Our Muse & Views Book Club met at Shirley's home to discuss Jane's choice The Boy in the Moon by Ian Brown. Present were, Betty, Colette, Jane, Jolene, Linda, Michèle and Shirley of course. Shirley had spent the day cooking and we had some wonderful hors d'oeuvres, Jamaican patties, a great dip with veggies and a lovely pumpkin cake.
Ian Brown is a Canadian journalist who works for the Globe & Mail. This book is a recount of his struggle in searching for the best possible life for his severely disabled boy Walker. It is also a journey through the evolving genetic research going on in many labs across North America that Mr. Brown takes us through as he strives to learn as much as possible about this rare disease that Walker has, called cardiofaciocutaneous syndrome (CFC). He won for this book, the B.C. National Award for Canadian non-fiction, the Charles Taylor Prize and the Trillium Book Award in 2009. Jane said that she hesitated before recommending this book but felt that the book was so well written and had touched her so much she wanted to share it.
All members present felt the book was certainly worth reading but some had difficulty getting through it because it was for them, so very emotional. One member commented that Mr. Brown is heart wrenchingly honest and compassionate in his description of his son Walker. The love he feels for his son is indisputable and present on every page of the book. He is also not afraid to show frustration and anger in dealing with the health system and the provincial welfare system. Though there is no description of impatient tirades with doctors or government administrators, it is easy to understand, by his description of waits in hospitals to see specialists for example, that he is a tad cynical.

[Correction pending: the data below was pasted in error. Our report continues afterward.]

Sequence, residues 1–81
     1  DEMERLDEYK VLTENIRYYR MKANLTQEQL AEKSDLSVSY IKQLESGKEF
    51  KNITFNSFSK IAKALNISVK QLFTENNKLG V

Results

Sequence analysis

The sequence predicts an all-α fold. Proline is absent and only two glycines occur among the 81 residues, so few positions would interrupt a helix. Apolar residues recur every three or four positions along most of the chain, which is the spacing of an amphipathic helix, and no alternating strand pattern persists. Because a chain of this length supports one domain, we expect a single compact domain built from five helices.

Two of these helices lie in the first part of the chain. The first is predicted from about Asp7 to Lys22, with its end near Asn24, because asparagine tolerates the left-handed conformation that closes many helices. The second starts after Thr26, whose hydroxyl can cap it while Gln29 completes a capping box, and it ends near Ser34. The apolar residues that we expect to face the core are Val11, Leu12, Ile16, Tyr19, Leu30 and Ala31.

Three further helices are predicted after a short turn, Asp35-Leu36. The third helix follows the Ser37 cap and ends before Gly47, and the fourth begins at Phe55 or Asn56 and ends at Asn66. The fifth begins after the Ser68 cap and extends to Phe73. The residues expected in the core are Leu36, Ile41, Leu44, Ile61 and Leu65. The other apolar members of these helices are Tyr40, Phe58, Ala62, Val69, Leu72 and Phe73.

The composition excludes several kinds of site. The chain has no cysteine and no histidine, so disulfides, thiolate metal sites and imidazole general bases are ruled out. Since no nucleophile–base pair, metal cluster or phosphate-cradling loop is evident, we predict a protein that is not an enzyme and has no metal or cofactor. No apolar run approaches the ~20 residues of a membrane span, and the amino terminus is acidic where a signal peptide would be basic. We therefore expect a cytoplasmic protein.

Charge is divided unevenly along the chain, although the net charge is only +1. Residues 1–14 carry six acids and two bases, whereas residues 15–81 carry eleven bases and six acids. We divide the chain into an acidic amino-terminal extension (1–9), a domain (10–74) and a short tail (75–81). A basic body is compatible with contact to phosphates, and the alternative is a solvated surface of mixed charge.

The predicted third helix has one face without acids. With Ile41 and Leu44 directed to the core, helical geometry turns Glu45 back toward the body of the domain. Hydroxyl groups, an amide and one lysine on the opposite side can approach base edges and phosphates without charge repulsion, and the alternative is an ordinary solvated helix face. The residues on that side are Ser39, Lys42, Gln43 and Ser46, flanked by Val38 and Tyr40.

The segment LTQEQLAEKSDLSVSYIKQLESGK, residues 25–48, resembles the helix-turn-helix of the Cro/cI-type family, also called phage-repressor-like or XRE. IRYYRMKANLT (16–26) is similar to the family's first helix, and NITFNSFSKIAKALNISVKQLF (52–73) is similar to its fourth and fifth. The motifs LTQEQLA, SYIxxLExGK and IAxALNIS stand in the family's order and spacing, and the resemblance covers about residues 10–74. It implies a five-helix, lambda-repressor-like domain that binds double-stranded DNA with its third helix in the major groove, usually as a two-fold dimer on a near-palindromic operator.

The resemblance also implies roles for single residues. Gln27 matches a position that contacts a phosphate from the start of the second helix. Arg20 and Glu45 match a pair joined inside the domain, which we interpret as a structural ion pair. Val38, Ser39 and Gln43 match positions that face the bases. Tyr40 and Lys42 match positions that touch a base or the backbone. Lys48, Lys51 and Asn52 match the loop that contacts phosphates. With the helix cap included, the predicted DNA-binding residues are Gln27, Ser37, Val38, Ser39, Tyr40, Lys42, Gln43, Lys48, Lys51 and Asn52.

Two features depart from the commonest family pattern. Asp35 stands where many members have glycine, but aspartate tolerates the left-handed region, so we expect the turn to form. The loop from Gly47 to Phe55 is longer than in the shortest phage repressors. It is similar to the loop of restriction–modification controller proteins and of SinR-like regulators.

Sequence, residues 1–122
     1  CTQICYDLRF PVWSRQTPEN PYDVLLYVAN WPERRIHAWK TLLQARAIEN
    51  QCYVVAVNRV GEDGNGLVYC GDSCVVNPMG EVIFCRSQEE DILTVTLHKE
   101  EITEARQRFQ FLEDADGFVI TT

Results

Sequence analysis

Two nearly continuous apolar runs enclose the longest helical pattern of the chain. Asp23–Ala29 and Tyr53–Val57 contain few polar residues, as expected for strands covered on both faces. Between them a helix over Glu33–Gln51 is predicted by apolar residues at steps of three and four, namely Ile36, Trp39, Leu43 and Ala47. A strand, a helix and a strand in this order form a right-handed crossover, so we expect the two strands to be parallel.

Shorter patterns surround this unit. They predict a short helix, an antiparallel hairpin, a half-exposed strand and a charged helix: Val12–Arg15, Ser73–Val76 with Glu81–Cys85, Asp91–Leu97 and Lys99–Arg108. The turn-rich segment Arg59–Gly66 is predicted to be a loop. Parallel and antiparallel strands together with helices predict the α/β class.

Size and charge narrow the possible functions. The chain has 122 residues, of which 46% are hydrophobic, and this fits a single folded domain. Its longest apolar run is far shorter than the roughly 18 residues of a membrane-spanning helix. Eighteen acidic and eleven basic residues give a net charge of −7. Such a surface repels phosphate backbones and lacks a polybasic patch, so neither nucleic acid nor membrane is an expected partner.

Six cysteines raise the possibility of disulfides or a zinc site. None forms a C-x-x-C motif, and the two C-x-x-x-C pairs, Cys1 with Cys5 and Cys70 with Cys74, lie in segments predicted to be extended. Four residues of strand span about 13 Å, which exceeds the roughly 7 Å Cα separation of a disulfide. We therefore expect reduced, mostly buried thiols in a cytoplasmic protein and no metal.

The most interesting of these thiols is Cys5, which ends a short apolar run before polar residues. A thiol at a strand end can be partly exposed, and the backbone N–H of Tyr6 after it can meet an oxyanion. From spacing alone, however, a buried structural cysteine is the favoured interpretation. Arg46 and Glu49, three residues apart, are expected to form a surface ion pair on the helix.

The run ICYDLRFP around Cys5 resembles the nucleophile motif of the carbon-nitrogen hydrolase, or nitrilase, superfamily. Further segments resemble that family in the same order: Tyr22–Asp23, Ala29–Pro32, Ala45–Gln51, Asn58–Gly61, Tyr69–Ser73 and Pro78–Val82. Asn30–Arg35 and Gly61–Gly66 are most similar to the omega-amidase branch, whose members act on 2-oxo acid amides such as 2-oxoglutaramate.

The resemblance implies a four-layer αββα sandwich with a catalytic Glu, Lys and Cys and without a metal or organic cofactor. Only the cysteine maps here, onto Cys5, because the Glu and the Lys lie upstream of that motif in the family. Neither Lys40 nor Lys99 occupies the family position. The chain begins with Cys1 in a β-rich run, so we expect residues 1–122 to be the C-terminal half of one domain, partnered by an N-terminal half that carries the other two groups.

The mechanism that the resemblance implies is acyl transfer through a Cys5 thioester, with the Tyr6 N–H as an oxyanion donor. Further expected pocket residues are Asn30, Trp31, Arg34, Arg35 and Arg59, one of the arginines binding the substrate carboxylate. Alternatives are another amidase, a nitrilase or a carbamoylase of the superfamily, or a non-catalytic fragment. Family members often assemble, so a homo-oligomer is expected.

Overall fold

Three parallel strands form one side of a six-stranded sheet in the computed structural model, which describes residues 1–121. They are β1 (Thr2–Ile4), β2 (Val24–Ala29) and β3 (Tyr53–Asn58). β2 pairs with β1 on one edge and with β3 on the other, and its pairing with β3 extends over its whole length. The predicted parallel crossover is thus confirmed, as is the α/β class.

We had a discussion about how society treats those who are disabled, the need to integrate them and accept them as they are and for who they are. The teachers in our group talked about integration in the classroom and how other children come to accept them and include them in activities much more easily than we do as adults. However, all agreed that not all disabled children can integrate into the educational system as it exists with its limited resources.
All said that the book was uplifting even though the despair he sometimes felt at night for example came out in his description of events. This book describes almost uniquely, Mr. Brown's experience, emotions and journey he has had with his son. There is very little about Ms. Johanna Schneller's experience, his wife and Walker's mother. It is however, very evident that both love their son unconditionally but experience the journey with Walker very differently.
Mr. Brown wrote several chapters about his visits in France to meet Jean Vanier the founder of l'Arche, an international organization that supports intellectually disabled adults. A exchange by correspondence between Mr. Brown and Jean Vanier, published in the Globe and Mail is very much worth reading.
Many of us thanked Jane for recommending "The Boy in the Moon". It was a book for some, difficult to read but very much worthwhile that made us think seriously about how society treats the disabled. Ian Brown referred to Robert Latimer who asphyxiated his severely disabled daughter in 1993. "The big remaining question for me is, why isn't our province on trial? ..... That family wasn't getting the support they needed...." Isn't that true across the country, the disabled are often an afterthought.